How to become a great leader, not just a manager?

Follow these four tips and the squad will follow your lead more and more.


A good leader gives you feeling you’re important. I don’t remember who said it or if I quote exactly, but it’s worth mentioning because it’s important to be aware that the self doesn’t have a place to lead. I read a quotation from the quote “This is good manager makes you feel like you’re essential. You might not have leadership if you’re not comfortable enough to lift yourself.

Of all my bosses that I’ve had over the years, I think those who helped me achieve my potential and did not make me know how amazing they were are.

Four easy things to do if you want to get a team involved and to drive them to success:

Make people feel they’re important.

Everything’s pretty straightforward. Nothing feels worse than not being wanted, and vice versa, you feel valued and seriously taken into your thoughts and opinions and inspired by more actions.

Naturally, communication is a major part of making others think that they are important, but they go beyond that. Listen to the suggestions of your team members, incorporate them if necessary and, if not, convey that the concept has been taken seriously but ultimately not adopted because it was not in line with the current plan or for any other purpose.

Give credit to and make people feel important for their work and ideas.

Listen more than you speak

Too many managers think that it is their job to always speak, teach and direct and to understand the value of listening insufficiently. Make it your job, as an important leader, to ask questions, raise questions and listen to your team. Remember that you are not much of a leader without a squad to command.

One good question the team members should always ask, “What are your challenges at the moment?” All of them have challenges, and everyone is happy to talk about them. The problem is less and more critical is that you know that you are patient enough to inquire, listen and hopefully help them in overcoming their challenges. Even though not, it’s often everyone’s need to be heard.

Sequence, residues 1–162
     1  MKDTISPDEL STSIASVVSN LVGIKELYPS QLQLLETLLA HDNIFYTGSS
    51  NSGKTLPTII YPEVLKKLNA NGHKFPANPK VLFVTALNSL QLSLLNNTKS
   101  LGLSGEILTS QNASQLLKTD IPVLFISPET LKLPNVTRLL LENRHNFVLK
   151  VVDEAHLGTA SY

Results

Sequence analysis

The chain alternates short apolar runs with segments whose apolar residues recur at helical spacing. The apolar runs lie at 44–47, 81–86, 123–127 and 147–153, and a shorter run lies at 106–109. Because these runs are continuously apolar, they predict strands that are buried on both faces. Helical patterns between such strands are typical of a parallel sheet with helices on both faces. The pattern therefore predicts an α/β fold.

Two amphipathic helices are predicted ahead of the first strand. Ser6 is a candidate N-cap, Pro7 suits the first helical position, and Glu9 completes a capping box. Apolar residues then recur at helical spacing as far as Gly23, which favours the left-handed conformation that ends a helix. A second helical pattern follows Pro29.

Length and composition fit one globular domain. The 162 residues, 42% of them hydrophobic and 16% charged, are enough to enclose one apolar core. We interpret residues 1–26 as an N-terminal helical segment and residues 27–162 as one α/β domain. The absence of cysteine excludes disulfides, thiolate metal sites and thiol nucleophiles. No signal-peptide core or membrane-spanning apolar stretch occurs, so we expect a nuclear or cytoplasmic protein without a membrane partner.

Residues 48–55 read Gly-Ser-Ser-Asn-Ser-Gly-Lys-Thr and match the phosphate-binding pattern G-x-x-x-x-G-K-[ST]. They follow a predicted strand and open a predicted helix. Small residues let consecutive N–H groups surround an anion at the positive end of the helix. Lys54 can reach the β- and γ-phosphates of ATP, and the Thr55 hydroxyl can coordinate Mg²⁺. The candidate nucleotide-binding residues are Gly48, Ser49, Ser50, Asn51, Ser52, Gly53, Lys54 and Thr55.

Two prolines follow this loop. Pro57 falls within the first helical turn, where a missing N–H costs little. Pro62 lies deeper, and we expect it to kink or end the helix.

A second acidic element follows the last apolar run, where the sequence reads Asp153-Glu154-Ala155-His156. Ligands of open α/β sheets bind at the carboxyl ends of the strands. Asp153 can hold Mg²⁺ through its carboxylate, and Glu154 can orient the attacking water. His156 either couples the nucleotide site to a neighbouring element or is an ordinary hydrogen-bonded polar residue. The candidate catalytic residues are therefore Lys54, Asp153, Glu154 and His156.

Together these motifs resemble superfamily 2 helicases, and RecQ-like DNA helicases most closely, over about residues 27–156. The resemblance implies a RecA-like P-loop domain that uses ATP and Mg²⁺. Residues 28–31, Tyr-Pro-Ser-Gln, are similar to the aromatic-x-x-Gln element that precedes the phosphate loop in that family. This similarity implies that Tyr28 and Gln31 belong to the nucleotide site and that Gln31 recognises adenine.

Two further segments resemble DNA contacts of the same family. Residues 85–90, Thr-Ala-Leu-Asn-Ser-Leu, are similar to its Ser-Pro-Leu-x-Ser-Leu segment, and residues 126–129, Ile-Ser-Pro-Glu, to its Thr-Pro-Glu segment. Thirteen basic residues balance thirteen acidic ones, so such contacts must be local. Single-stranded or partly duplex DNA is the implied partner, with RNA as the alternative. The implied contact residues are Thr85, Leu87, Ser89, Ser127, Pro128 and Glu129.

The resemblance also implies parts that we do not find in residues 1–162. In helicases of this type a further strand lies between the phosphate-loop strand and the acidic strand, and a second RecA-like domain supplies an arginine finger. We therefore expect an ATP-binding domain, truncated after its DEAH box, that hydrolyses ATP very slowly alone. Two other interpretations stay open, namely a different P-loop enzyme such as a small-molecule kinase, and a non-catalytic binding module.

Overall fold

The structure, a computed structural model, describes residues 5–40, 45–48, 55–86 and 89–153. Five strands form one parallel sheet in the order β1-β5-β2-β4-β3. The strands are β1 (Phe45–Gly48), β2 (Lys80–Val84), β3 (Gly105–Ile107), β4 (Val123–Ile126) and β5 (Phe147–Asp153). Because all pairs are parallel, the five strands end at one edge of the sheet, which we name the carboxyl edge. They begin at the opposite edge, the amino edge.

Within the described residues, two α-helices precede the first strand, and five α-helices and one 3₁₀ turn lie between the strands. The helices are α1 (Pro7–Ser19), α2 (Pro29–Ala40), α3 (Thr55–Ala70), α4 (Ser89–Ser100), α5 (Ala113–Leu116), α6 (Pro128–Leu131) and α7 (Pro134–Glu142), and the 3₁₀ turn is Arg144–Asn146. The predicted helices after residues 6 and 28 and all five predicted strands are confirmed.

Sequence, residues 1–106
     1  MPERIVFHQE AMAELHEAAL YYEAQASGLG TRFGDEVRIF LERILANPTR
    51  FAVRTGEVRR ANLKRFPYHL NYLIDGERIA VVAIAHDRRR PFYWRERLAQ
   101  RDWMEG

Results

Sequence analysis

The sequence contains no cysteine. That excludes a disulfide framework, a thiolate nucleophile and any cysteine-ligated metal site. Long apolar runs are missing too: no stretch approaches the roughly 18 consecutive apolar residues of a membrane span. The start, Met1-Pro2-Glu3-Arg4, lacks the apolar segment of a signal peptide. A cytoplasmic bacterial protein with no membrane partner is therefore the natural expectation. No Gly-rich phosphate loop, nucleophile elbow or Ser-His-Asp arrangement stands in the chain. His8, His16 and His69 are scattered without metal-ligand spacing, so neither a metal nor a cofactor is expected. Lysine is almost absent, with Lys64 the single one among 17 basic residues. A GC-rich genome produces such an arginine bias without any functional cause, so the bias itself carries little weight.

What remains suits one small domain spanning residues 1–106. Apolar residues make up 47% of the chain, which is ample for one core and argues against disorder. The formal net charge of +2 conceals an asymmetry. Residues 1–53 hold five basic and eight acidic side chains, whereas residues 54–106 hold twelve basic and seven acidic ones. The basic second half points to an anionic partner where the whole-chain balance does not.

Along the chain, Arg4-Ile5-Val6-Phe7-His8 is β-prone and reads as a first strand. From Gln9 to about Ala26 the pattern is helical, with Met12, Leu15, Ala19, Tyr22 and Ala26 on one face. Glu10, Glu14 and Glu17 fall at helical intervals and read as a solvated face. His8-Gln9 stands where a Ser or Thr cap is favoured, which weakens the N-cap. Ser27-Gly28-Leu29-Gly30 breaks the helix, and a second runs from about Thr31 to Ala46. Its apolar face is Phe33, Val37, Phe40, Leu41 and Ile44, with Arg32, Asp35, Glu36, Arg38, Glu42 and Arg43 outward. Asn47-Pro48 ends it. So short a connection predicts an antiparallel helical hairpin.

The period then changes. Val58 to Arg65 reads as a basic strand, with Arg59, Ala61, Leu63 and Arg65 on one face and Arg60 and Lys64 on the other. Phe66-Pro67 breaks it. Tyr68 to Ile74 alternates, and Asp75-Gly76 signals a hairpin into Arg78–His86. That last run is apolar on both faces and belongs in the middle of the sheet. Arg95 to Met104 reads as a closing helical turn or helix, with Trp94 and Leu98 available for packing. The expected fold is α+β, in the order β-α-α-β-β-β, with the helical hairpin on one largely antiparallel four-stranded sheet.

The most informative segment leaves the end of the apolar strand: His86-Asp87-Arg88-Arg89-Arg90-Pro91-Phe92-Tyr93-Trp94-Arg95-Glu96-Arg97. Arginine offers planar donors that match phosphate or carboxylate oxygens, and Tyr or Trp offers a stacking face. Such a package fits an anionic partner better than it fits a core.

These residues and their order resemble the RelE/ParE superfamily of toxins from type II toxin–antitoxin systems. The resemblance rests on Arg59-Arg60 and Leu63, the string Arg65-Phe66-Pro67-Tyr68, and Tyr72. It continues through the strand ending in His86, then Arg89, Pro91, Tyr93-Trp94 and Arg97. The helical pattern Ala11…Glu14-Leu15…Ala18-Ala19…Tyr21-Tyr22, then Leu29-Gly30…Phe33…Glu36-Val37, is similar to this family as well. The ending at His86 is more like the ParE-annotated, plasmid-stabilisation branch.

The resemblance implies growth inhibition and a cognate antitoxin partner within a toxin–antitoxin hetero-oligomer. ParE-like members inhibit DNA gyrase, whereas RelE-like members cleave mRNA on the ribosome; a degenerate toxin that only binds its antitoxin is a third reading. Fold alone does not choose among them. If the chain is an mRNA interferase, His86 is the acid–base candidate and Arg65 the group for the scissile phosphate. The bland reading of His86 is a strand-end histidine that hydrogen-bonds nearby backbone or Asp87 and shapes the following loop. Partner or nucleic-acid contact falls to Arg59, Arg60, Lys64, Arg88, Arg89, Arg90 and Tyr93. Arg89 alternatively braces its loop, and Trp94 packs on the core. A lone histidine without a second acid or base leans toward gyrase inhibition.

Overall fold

Request critical criticism sincerely.

Whenever I speak to people anywhere in the world, usually people do their job and thank me for my conversation, when I leave the stage. That’s sweet of them, but I always respond by saying, “I appreciate the encouragement, thank you, but how about criticism? How can I get better?” This accomplishes two things. Second, it shows you that you are just as humble and connected while you may have been super confident on stage. Second, you provide real feedback, which will be used in your game later.

I asked somebody for advice during my last talk and what he told me was extremely valuable. He advised me to clear my pockets before discussions as my AirPods and car keys bounced and distracted the audience. During my conversation. I loved that note, and before I spoke I would clear my pockets.

Don’t underestimate constructive strengthening.

This is so important for all aspects of life. This is important. Only when your food is cold or not good don’t talk to the restaurant staff. Make it your business, too, to improve positively.

If you think of your squad, which is supposed to be constantly under your leadership, it’s even more critical that you do this for restaurants.

Even if it is their work, someone does something good, telling them that you appreciate the rapid change and superb service. You don’t have to give your teammates a nice word and when the next time they have a job, they will know how well they felt that the last time you loved them.

If you lead a team, put yourself in the shoes of the members of your team and do what you want others to do to you.

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